TypeStage race
OrganiserSociété du Tour de France (1990–1991)
Amaury Sport Organization (1992–1993)
History
First edition1990 (1990)
Editions4
Final edition1993 (1993)
First winner  Catherine Marsal (FRA)
Most winsNo repeat winners
Final winner  Heidi Van de Vijver (BEL)

Following the change in race format, calendar position and name of the race to the Tour de la C.E.E. féminin, the race ran for a further four editions albeit with no connection to the Tour de France, through to the 1993 season.[5][1]

Year Distance

[km]

Stages First Second Third
1990 866.5 9   Catherine Marsal (FRA)   Leontien van Moorsel (NED)   Astrid Schop (NED)
1991 1097.4 12 + Prologue   Astrid Schop (NED)   Jeannie Longo (FRA)   Roberta Bonanomi (ITA)
1992 ? 11 + Prologue   Leontien van Moorsel (NED)   Heidi Van de Vijver (BEL)   Roberta Bonanomi (ITA)
1993 ? 11 + Prologue   Heidi Van de Vijver (BEL)   Leontien van Moorsel (NED)   Aleksandra Koliaseva (RUS)

1992–2009: the Pierre Boué racesEdit

Tour Cycliste Féminin (1992–1997)
Grande Boucle Féminine Internationale (1998–2009)
Race details
RegionFrance
DisciplineRoad
TypeStage race
OrganiserPierre Boué (1992–2003)
History
First edition1992 (1992)
Editions17
Final edition2009 (2009)
First winner  Leontien van Moorsel (NED)
Most wins  Fabiana Luperini (ITA)
  Joane Somarriba (ESP)
3 wins each
Final winner  Emma Pooley (GBR)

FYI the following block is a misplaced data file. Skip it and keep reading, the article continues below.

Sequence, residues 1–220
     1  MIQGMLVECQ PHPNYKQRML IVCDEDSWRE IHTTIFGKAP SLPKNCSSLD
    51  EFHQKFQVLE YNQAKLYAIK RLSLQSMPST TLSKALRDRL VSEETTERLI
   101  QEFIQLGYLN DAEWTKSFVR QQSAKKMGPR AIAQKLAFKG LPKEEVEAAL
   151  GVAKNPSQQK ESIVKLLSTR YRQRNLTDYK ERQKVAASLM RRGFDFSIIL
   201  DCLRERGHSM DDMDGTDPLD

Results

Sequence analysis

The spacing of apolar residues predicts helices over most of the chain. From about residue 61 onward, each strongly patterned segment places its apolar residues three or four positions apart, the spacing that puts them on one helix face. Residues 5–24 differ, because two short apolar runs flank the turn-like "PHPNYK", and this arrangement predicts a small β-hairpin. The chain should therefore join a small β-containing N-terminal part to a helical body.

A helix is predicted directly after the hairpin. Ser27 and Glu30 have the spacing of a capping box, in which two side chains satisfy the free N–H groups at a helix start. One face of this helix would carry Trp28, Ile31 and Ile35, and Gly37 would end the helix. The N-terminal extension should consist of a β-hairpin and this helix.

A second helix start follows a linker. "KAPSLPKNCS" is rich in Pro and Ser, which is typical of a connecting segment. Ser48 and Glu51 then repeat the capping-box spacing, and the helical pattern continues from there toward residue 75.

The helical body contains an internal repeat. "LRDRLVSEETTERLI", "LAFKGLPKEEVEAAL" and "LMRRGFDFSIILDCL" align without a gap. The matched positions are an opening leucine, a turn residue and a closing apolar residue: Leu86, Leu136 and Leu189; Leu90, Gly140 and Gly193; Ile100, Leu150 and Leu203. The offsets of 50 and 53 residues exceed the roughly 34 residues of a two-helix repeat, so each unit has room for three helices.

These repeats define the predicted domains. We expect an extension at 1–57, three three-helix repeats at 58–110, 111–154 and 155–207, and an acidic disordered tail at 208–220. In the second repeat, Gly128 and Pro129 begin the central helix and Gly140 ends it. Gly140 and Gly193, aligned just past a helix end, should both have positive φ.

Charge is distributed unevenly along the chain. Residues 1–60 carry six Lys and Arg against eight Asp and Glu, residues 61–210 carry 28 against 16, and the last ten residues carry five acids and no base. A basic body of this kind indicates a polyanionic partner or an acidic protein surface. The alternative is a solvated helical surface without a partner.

In 1992, a new race was created, the Tour Cycliste Féminin, organised in August by Pierre Boué, but again with no connection to either the Tour de France or the ASO.[6] The race lacked stable sponsorship and with the location of stages determined by locations willing to contribute, there were long transfers between stages. Until the 1998 edition, the race was known as the Tour Cycliste Féminin, but the Société du Tour de France (now part of the ASO), organisers of the men's Tour de France, claimed that infringed their trademark and in 1999 the name of the event was changed to Grande Boucle Féminine Internationale.[7] The race was not held in 2004 due to organisational difficulties. It returned, albeit smaller in size and scope, in 2005. The previous races were 10 to 15 stages; later ones had five and stayed in one region. The race also received a lower classification by the Union Cycliste Internationale (UCI), and had a reduced field. In 2008, the race was six days and seven stages. However, in 2009 the race was only four days long with only 66 riders, after a planned race start and three stages in Britain fell through, leading winner Emma Pooley to joke that the race was "more of a Petite Boucle than Grande."[8][9] The race was discontinued after the 2009 edition.[1]

Year Distance

[km]

Stages First Second Third
Tour Cycliste Féminin
1992 805.5 9 + Prologue   Leontien van Moorsel (NED)   Jeannie Longo (FRA)   Heidi Van De Vijver (BEL)
1993 1183.1 12 + Prologue   Leontien van Moorsel (NED) (2)   Marion Clignet (FRA)   Heidi Van De Vijver (BEL)
1994 1300 14   Valentina Polkhanova (RUS)   Rasa Polikevičiūtė (LTU)   Cécile Odin (FRA)
1995 ? 13 + Prologue   Fabiana Luperini (ITA)   Jeannie Longo (FRA)   Luzia Zberg (SUI)
1996 1238 12 + Prologue   Fabiana Luperini (ITA) (2)   Rasa Polikevičiūtė (LTU)   Jeannie Longo (FRA)
1997 1156.3 12   Fabiana Luperini (ITA) (3)   Barbara Heeb (SUI)   Linda Jackson (CAN)
Grande Boucle Féminine Internationale
1998 1392 12   Edita Pučinskaitė (LTU)   Fabiana Luperini (ITA)   Alessandra Cappellotto (ITA)